plains ; And pastoral savannas they consume; Her baptism is the weight of blood that While she, beside her buskined youth to rove,

flows Delights, in fancifully wild costume, From kindred hearts—the blood of British Her lovely brow to shade with Indian plume;

veins; And forth in hunter-seeming vest they fare; And famine tracks her steps, and pestilential But not to chase the deer in forest-gloom;

pains. 'Tis but the breath of heaven- the blessed

air And interchange of hearts, unknown, unseen Yet, ere the storm of death had raged remote,

to share.

Or siege unseen in heaven reflects its beams,
Who now each dreadful circumstance shall

note, What though the sportive dog oft round That fills pale Gertrude's thoughts and them note

nightly dreams? Or fawn or wild bird bursting on the wing; Dismal to her the forge of battle gleams Yet who, in love's own presence, would Portentous light! and music's voice is dumb;


Save where the fife its shrill reveillé screams, To death those gentle throats that wake Or midnight streets re-echo to the drum,

the spring,

That speaks of mad’ning strife and bloodOr writhing from the brook its victim bring?

stained fields to come. No!_nor let fear one little warbler rouse; But, fed by Gertrude's hand, still let them


It was in truth a momentary pang ; Acquaintance of her path, amidst the boughs, Yet how comprising myriad shapes of woe! That shade e'en now her love, and witnessed First when in Gertrude's ear the summons first her vows.

rang, A husband to the battle doomed to go!

Nay meet not thou (she cries) thy kindred Now labyrinths, which but themselves can

foe! pierce,

But peaceful let us scek fair England's Methinks, conduct them to some pleasant

strand! ground,

Ah, Gertrude! thy beloved heart, I know, to prove,

Would feel like mine the stigmatizing brand, The chief his old bewilder'd head withdrew, Conld I forsake the cause of Freedom's holy And grasped his arm, and looked and looked band!

him through. 'Twas strange--nor could the group a smile

controulBut shame—but flight-a recreant's name The long, the doubtful scrutiny to view:

At last delight o'er all his features stole, To hide in exile ignominious fears ;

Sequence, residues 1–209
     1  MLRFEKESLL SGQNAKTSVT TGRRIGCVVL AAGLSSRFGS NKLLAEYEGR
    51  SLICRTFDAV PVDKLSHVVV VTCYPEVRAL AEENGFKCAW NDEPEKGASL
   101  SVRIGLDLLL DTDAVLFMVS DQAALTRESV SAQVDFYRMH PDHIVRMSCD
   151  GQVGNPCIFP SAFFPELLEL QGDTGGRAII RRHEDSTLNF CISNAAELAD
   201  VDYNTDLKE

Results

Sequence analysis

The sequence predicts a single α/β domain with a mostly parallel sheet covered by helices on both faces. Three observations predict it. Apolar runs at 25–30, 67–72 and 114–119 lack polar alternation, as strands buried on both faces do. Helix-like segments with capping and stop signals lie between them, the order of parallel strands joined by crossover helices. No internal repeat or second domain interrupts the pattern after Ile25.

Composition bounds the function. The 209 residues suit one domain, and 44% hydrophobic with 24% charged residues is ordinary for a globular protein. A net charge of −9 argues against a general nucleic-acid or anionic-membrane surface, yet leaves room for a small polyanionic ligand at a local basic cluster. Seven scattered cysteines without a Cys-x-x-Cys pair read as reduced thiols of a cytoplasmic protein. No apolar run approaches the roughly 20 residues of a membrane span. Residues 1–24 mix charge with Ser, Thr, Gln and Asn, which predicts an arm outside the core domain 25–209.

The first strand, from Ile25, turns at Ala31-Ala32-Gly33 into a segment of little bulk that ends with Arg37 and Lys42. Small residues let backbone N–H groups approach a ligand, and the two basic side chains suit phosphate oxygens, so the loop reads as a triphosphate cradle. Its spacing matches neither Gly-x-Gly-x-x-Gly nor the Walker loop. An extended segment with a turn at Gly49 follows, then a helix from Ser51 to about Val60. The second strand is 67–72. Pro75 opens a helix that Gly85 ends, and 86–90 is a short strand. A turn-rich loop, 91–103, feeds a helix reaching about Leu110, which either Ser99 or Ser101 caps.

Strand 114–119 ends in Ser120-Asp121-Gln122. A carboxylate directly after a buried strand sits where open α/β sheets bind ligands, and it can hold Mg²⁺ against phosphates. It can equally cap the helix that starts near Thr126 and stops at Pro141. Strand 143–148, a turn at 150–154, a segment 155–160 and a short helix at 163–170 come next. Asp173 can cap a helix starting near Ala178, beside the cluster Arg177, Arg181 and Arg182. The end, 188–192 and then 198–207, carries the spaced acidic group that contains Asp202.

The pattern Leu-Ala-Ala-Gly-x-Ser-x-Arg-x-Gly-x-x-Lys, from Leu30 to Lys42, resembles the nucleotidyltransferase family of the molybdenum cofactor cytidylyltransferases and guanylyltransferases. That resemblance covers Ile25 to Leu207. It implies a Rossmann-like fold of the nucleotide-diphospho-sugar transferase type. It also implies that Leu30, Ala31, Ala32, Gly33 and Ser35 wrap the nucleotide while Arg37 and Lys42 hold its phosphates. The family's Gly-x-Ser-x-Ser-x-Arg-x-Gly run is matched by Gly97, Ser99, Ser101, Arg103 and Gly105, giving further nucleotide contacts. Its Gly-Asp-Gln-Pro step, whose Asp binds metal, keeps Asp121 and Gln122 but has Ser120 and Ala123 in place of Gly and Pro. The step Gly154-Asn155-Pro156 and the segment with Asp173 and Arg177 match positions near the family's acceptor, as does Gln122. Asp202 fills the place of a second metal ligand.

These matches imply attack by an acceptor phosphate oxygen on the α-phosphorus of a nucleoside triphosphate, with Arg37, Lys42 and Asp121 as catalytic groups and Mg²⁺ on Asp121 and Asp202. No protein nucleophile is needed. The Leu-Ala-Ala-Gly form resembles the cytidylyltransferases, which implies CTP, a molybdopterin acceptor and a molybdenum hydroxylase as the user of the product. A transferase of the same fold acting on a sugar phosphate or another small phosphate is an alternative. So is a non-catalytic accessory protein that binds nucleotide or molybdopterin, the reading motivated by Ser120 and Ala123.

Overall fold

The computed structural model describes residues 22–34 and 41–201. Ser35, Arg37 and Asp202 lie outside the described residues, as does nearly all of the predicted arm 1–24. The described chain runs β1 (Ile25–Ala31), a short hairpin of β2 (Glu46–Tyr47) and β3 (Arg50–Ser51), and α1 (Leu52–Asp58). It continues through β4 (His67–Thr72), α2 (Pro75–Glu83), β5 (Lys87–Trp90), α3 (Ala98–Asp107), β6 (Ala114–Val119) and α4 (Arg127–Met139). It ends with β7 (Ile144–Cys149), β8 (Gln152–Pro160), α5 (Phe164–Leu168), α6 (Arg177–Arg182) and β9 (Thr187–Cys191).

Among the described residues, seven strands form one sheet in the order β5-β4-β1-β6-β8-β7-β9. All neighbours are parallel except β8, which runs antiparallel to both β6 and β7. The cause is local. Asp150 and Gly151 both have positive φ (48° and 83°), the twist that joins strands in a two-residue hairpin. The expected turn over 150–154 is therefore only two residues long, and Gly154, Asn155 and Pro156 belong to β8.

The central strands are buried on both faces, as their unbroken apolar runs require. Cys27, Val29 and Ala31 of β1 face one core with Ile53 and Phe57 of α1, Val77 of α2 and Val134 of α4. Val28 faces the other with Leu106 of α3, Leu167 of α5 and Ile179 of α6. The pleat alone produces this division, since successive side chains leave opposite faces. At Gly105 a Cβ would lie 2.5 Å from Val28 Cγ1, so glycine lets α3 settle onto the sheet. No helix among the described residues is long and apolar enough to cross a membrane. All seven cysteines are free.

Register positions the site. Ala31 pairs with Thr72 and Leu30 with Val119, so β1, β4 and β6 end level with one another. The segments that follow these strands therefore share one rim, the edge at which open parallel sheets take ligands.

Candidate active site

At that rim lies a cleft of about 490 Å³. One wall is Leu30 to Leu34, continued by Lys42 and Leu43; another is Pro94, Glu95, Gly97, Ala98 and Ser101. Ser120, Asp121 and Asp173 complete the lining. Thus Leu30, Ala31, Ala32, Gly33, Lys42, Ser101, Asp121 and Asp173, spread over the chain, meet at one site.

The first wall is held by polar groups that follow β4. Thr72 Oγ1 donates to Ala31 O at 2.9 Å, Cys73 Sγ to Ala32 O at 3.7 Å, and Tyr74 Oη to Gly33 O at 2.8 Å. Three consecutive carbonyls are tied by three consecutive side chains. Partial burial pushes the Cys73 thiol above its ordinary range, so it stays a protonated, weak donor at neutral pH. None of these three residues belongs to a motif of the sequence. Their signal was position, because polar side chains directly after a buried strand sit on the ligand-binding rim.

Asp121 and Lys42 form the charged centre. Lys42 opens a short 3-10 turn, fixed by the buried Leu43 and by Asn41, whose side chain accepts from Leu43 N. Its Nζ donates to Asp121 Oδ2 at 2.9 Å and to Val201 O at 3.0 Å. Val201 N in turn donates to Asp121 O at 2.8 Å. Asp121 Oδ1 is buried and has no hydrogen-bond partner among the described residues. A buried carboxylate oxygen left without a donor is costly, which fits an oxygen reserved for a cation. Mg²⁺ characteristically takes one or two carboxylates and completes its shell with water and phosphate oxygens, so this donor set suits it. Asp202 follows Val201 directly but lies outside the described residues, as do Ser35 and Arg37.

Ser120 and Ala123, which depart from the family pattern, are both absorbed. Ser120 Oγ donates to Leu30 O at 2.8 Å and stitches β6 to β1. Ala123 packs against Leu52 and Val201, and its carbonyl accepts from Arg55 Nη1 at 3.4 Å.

It is—my own! he cried, and grasped him Say, e'en if this I brooked, the public love

to his soul. Thy father's bosom to his home endears : And how could I his few remaining years, My Gertrude, sever from so dear a child ? Yes! thou recallst my pride of years, for then So, day by day, her boding heart he cheers; The bowstring of my spirit was not slack, At last that heart to hope is half beguiled, When, spite of woods, and floods, and amAnd pale through tears suppressed the mourn

bushed men, ful beauty smiled. I bore thee like the quiver on my back,

Fleet as the whirlwind hurries on the rack;

Nor foeman then, nor cougar's crouch I Night came,-and in their lighted bower,

feared, full late,

For I was strong as mountain-cataract: The joy of converse had endured—when, And dost thou not remember how we cheered,

hark !

Upon the last hill-top, when white men's Abrupt and loud a summons shook their gate;

huts appeared ? And heedless of the dog's obstrep'rous bark, A form has rush'd amidst them from the dark, And spread his arms,—and fell upon the floor: Then welcome be my death-song and my Of aged strength his limbs retaind the mark;

death! But desolate he looked, and famished poor, Since I have seen thee, and again embraced. As ever shipwrecked wretch long left on And longer had he spent his toil-worn breath;

desert shore. But with affectionate and eager haste
Was every arm outstretched around their

guest, Upris'n each wond’ring brow is knit and to welcome and to bless his aged head.


Soon was the hospitable banquet placed ; A spirit from the dead they deein him first: And Gertrude's lovely hands a balsam shed To speak he tries; but quiv'ring, pale, and On wounds with fevered joy that more proparched,

fusely bled. From lips, as by some powerless dream

accursed, Emotions unintelligible burst;

But this is not a time,-he started up, And long his filmed eye is red and dim; And smote his breast with woe-denouncing At length the pity-proffered cup his thirst

handHad half assuag'd, and nerved his shuddering This is no time to fill the joyous cup;


The Mammoth comes,—the foe,--the monWhen Albert's hand he grasped; but Albert

ster Brandt, knew not him. With all his howling desolating band: These eyes have seen their blade, and burning

pine And hast thou then forgot, (he cried forlorn, Awake at once, and silence half your land. And eyed the group with half indignant air,) Red is the cup they drink; but not with wine: Oh! bast thou, Christian chief, forgot the Awake, and watch to-night, or see no morn